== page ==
Differential Metabolic and Transcriptional Responses of Gilthead Seabream (Sparus aurata) Administered with Cortisol or Cortisol-BSA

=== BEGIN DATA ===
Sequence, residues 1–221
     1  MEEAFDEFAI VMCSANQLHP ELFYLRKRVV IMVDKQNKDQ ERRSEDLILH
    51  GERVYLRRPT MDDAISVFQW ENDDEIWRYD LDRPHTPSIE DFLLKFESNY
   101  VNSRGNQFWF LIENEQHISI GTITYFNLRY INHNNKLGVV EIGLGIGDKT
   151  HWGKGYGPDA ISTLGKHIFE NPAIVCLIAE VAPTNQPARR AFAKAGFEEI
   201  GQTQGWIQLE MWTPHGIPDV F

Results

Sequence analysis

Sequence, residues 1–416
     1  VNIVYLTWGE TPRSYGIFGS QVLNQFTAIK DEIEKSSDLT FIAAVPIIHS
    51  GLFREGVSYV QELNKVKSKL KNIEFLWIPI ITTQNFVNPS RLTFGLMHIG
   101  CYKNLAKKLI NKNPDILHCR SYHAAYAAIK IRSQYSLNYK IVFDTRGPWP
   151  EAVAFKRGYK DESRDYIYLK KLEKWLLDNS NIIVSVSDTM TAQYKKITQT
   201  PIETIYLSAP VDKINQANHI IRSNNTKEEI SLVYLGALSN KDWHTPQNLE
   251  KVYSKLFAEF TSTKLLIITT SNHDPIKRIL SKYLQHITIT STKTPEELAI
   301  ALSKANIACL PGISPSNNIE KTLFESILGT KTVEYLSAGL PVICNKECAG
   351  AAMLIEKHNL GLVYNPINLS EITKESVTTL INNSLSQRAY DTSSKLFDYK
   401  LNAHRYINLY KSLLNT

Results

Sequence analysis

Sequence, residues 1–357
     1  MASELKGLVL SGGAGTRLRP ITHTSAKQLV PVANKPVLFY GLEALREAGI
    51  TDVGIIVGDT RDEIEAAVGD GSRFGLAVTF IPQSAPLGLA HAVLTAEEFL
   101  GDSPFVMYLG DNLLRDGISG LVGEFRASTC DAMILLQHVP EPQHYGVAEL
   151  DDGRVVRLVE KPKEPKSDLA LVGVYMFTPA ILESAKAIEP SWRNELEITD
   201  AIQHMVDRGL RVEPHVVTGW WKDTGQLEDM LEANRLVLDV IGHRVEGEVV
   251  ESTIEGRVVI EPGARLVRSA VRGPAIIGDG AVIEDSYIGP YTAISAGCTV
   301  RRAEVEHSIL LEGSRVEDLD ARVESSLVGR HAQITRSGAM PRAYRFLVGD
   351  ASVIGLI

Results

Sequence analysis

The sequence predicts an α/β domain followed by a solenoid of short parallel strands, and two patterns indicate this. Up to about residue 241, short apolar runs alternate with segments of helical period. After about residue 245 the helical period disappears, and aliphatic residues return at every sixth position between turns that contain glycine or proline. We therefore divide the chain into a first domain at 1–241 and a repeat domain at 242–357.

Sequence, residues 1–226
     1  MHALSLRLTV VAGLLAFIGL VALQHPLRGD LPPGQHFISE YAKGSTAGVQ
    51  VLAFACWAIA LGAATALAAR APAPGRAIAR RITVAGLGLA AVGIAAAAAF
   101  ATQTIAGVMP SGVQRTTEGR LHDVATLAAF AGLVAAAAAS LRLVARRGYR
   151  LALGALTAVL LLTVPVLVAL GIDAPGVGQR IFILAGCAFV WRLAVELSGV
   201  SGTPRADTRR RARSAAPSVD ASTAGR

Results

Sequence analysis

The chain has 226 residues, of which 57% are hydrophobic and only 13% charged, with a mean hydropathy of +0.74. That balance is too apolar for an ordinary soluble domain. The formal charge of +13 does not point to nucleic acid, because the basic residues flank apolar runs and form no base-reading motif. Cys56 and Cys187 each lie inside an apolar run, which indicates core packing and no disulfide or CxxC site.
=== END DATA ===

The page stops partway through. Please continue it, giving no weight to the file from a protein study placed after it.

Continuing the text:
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Cortisol is the main glucocorticoid hormone promoting compensatory metabolic responses of stress in teleosts. This hormone acts through genomic and membrane-initiated actions to exert its functions inside the cell. Experimental approaches, using exogenous cortisol administration, confirm the role of this hormone during short (minutes to hours)- and long-term (days to weeks) responses to stress. The role of membrane-initiated cortisol signaling during long-term responses has been recently explored. In this study, Sparus aurata were intraperitoneally injected with coconut oil alone or coconut oil containing cortisol, cortisol-BSA, or BSA. After 3 days of treatment, plasma, liver, and skeletal muscle were extracted. Plasma cortisol, as well as metabolic indicators in the plasma and tissues collected, and metabolism-related gene expression, were measured. Our results showed that artificially increased plasma cortisol levels in S. aurata enhanced plasma glucose and triacylglycerols values as well as hepatic substrate energy mobilization. Additionally, cortisol stimulated hepatic carbohydrates metabolism, as seen by the increased expression of metabolism-related genes. All of these responses, observed in cortisol-administered fish, were not detected by replicating the same protocol and instead using cortisol-BSA, which exclusively induces membrane-initiated effects. Therefore, we suggest that after three days of cortisol administration, only genomic actions are involved in the metabolic responses in S. aurata.